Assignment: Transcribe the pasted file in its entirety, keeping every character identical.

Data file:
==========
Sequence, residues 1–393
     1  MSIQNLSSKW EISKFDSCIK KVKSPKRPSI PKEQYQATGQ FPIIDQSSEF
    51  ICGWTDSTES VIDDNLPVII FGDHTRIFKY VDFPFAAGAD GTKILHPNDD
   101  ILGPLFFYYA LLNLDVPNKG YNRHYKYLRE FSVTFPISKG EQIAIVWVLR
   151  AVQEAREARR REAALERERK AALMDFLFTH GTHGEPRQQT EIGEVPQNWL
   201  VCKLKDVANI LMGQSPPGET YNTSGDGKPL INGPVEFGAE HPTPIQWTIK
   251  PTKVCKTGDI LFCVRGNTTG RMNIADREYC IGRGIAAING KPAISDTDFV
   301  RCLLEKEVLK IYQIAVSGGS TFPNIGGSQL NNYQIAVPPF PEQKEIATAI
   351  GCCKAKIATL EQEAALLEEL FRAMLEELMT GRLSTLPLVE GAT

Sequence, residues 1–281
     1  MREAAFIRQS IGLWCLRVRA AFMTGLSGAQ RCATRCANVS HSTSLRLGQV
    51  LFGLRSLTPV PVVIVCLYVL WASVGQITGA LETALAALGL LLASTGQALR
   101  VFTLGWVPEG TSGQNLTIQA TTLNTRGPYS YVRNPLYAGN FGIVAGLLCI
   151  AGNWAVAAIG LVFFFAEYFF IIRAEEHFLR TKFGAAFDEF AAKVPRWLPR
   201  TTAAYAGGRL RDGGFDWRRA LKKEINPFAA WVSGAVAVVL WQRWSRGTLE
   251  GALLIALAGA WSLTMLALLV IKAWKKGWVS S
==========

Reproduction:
Sequence, residues 1–393
     1  MSIQNLSSKW EISKFDSCIK KVKSPKRPSI PKEQYQATGQ FPIIDQSSEF
    51  ICGWTDSTES VIDDNLPVII FGDHTRIFKY VDFPFAAGAD GTKILHPNDD
   101  ILGPLFFYYA LLNLDVPNKG YNRHYKYLRE FSVTFPISKG EQIAIVWVLR
   151  AVQEAREARR REAALERERK AALMDFLFTH GTHGEPRQQT EIGEVPQNWL
   201  VCKLKDVANI LMGQSPPGET YNTSGDGKPL INGPVEFGAE HPTPIQWTIK
   251  PTKVCKTGDI LFCVRGNTTG RMNIADREYC IGRGIAAING KPAISDTDFV
   301  RCLLEKEVLK IYQIAVSGGS TFPNIGGSQL NNYQIAVPPF PEQKEIATAI
   351  GCCKAKIATL EQEAALLEEL FRAMLEELMT GRLSTLPLVE GAT

Sequence, residues 1–281
     1  MREAAFIRQS IGLWCLRVRA AFMTGLSGAQ RCATRCANVS HSTSLRLGQV
    51  LFGLRSLTPV PVVIVCLYVL WASVGQITGA LETALAALGL LLASTGQALR
   101  VFTLGWVPEG TSGQNLTIQA TTLNTRGPYS YVRNPLYAGN FGIVAGLLCI
   151  AGNWAVAAIG LVFFFAEYFF IIRAEEHFLR TKFGAAFDEF AAKVPRWLPR
   201  TTAAYAGGRL RDGGFDWRRA LKKEINPFAA WVSGAVAVVL WQRWSRGTLE
   251  GALLIALAGA WSLTMLALLV IKAWKKGWVS S